Unlocking the Wax Museum

By Ted Kitelinski

Opening old wax packs isn’t always cost effective, but it sure is fun.
I recently ordered $200 in unopened ’70s and ’80s wax packs from Baseball Card Exchange. When my shipment arrived, I decided to do something bizarre with those unopened relics from my collecting past – something stupid, something that might get me institutionalized in many collecting circles. That’s right, I planned on opening them.

Of course, spending a few hundred dollars made this task less painful than if I’d spent, say, $20,000. But even then, I’m not sure I could resist the temptation of discovering what lies beneath the wrapper. So with 14 packs waiting, begging, to be opened, I retreated back into adolescence. 

Average Joes

A theme developed early in my pack-busting experience: the older football packs lean toward commonplace. As a kid, I started purchasing football wax early in the Carter administration without realizing how steep the odds were against landing a star. Opening packs several decades later made that point rather obvious when hoping for valuable rookies. The ’77 Topps Football wax pack ($25) contained Jim Marshall and nine other commons and offered the least bang for my buck of all those I purchased. 

Collectors opening ’81 Topps Football wax packs ($14) cull for Gem-Mint Joe Montana rookies. But, after breaking the wax seal and gingerly removing the contents, the only Joe to be found among all 15 cards was Joe Ferguson. 

The ’84 Topps Football wax pack ($14) offered 15 opportunities to find a Dan Marino or John Elway rookie. There’s a Dolphin in my pack, but Uwe Von Schamann is a fry cry from Dandy Dan.

The ’86 Topps Football wax pack ($12) I ordered presented 17 chances to land a valuable card – like the Jerry Rice rookie. But, once again, lady luck was nowhere to be found. Just a Walter Payton Record-Breaker and, count ’em, 16 commons.

I didn’t fare much better with a few of the older baseball packs. I opened both the ’80 Topps Baseball wax pack ($10) and ’83 Topps Baseball wax ($4) with much anticipation. But out of 30 total cards, not one of monetary or sentimental value in either pack, so I grabbed the ’84 Donruss Baseball rack pack ($20) in hopes of ending my slump. 

I purchased very few Donruss or Fleer cards in the early ’80s. I hoped the Donruss rack pack could make up for lost time, but despite borders and backs as white as falling snow, all I received was Ryne Sandberg and 44 long-forgotten players. The lone Rated-Rookie in the bunch? Doug Frobel. 


Any pack that yields Hall of Famers is an instant success. The ’89 Upper Deck Baseball pack ($3) I purchased included Cooperstown teammates Paul Molitor and Robin Yount.  You don’t have to be a Wisconsin guy to appreciate that symmetry. 

The ’79-’80 Topps Basketball wax pack ($8) contained three NBA Hall of Famers: Earl Monroe, Dave Cowens and Bill Walton.  This solid find reminded me that 132-card sets increased the odds of landing big cards in each wax pack. 

I also recall that for a stretch of about a decade, every decision I made was wrong. I believed the Cubs would win it all in ’84. I thought strawberry-filled Twinkies were revolutionary. And in 1989, I thought Pro-Set’s inaugural football issue was superior to Score’s. In an effort to remedy that mistake, I bought an ’89 Score Football pack ($7). The pack, sans wax or gum, held five Hall of Fame players, including Joe Montana and Reggie White, as well as the rookie card of Bubby Brister.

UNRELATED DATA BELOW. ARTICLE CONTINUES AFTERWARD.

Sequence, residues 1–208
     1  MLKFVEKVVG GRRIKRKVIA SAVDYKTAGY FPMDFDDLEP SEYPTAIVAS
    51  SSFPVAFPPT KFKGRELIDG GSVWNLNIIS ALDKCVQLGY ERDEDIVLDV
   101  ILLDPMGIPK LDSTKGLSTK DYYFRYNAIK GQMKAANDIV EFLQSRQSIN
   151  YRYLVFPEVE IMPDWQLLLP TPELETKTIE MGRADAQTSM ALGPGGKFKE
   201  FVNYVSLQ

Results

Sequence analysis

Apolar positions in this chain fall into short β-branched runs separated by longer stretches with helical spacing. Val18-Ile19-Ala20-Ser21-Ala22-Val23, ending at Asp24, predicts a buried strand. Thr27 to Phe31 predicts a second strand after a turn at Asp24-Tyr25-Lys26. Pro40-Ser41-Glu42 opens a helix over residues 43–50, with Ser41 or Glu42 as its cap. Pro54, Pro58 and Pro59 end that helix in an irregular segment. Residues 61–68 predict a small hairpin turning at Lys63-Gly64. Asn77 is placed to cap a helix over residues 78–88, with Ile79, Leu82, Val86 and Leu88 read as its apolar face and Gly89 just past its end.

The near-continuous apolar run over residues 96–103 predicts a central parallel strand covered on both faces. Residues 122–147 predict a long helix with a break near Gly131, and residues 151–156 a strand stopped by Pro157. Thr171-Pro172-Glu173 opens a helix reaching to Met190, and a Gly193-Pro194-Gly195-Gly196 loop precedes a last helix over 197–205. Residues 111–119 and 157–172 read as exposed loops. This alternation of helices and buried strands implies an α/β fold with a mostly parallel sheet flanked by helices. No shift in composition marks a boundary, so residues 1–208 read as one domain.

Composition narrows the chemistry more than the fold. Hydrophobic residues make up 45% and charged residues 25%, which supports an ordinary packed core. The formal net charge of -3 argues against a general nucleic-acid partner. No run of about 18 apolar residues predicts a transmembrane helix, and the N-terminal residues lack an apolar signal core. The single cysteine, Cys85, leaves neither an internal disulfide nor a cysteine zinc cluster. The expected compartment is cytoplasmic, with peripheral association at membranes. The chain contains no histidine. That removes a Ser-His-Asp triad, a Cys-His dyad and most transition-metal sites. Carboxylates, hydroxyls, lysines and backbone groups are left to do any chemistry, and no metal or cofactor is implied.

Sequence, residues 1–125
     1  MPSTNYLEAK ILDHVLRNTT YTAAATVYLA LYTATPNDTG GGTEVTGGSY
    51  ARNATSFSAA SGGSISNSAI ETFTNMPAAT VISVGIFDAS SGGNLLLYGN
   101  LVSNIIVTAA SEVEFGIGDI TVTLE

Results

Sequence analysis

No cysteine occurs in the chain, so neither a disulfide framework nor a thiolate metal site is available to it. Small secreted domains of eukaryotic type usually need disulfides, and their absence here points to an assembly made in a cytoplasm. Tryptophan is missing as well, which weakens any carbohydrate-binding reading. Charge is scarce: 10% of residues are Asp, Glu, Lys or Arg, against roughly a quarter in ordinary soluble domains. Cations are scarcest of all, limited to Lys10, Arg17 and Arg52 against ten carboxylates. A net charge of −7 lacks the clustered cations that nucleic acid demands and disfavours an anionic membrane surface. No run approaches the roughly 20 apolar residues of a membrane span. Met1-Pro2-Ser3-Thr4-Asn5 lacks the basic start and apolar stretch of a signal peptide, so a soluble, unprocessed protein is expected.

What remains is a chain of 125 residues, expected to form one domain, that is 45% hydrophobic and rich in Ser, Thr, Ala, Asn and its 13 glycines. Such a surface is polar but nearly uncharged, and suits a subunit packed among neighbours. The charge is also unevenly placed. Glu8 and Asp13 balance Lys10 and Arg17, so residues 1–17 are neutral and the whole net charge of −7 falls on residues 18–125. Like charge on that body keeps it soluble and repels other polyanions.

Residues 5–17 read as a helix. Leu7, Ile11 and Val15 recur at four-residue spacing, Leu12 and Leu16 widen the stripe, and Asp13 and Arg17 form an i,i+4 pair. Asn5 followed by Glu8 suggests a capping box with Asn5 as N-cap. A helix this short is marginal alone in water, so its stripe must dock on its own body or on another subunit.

While ’86-’87 Fleer Basketball wax packs, at $300 each, were a bit rich for my budget, I did the next best thing: I bought an ’87-’88 Fleer Basketball pack ($35) in hopes of landing significant second-year cards of countless key players. I bought several of these packs in the late ’80s, but, back then, I stopped shelling out cash after I found Kiki Vandeweghe, my favorite player. A Jordan card eluded me then, and did once again now when I broke open this pack. However, I was pleased to find a second-year Karl Malone and the top card in the set, Kareem Abdul-Jabbar. 

Back in the early ’80s, I attended card shows in the basement of a local Holiday Inn and sifted through boxes of cards for the biggest names in baseball. My ’79 Topps Baseball pack ($12) recalled those fond memories, as it contained four ’70s superstars – Pete Rose, Jim Rice, Mike Schmidt and Carl Yastrzemski. What little kid in ’79 would’ve complained about that? What adult in 2008 would either?

The rookie crop possible in an ’88-’89 Fleer Basketball pack ($15) is outstanding, and I was fortunate enough to unearth two – future Hall of Famer John Stockton and the enigmatic Dennis Rodman – after peeling. Add Isaiah Thomas, and the pack a smile to my face.

Interestingly, out of all 225 cards I opened, the most impeccably conditioned example came from the ’78 Topps Baseball pack ($17).  There, four cards deep, I found Yount’s pasteboard. The Yount card is so perfect, my fingers trembled as I immediately placed it in a soft sleeve and slid it into a toploader. I’m already hedging my bets on this one scoring a PSA 10. 

Back Again
Legend has it that Alexander the Great, after conquering the world, cried because there was nothing left to conquer. I thought of him as I stared at the mound of wax-pack wrappers all piled high on my tabletop like an erupted volcano. Did I weep or lament opening the packs? Not at all. And thankfully, there’s still plenty of old unopened material available. In fact, I plan on buying and opening more packs soon. Maybe next time I’ll go for the Fleer Jordan rookie, but I’ll be just as happy to land Kiki Vandeweghe. SCM

Leave a Reply